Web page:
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  • I think there is truth in the fact that women, more than men work around child care, cost of child care and sometimes care of ageing parents. In trying to maintain the balance of all this, and some sanity they sacrifice career progression. Senior experienced nurses return to part time and lower grade posts to fit in. It's not surprising they don't always have the strength to fight the system too.

    As a country though - aren't we all a bit wimpy? Although there is nothing like a Tory government to get a few riots going - on the hole we don't complain or protest we accept and get on. Although it doesn't make it right, or always appropriate, perhaps the apathy in nursing is a reflection of out national psyche?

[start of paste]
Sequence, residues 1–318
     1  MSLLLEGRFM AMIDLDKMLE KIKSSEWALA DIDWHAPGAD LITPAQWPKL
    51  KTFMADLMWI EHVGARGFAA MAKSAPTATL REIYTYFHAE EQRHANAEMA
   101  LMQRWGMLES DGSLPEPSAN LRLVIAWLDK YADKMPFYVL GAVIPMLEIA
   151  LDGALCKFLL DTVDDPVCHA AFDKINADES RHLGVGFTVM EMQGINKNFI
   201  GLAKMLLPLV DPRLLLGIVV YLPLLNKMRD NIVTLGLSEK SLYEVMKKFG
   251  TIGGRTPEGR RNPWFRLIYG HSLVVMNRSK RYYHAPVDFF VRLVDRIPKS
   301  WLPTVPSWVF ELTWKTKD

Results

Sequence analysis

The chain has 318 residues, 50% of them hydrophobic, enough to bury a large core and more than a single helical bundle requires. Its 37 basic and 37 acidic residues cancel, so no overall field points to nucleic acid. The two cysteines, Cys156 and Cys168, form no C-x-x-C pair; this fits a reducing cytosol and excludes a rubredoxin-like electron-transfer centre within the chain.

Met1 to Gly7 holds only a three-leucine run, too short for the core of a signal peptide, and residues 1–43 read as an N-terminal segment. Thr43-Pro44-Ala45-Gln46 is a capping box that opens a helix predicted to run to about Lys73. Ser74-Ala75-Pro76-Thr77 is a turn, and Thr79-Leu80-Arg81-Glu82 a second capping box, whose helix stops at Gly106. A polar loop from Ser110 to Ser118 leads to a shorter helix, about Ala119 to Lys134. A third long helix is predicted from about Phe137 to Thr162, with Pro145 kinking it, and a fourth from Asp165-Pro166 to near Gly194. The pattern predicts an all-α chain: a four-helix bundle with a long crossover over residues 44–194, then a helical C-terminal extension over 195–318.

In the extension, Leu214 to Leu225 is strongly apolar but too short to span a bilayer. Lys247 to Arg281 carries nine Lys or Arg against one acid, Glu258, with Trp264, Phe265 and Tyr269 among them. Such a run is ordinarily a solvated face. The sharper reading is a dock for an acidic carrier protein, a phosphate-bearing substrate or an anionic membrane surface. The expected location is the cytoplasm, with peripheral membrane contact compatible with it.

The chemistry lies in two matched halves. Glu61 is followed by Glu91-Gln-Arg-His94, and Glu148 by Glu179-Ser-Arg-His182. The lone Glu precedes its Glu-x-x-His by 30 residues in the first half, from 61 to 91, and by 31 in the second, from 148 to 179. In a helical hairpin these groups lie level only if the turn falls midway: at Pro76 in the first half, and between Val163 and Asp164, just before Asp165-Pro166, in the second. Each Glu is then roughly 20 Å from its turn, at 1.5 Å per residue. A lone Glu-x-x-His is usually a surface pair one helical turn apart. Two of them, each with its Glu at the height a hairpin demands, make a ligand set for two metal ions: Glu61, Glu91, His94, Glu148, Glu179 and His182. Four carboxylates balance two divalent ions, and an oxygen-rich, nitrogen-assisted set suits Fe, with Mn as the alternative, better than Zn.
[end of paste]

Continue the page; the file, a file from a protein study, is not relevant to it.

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  • That's a good point Sara, they certainly don't seem to have this crippling apathy in Australia for example!

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  • Your remarks probably refer to those who wish to be left in peace to get on with the work they chose to do and are paid for which is looking after patients!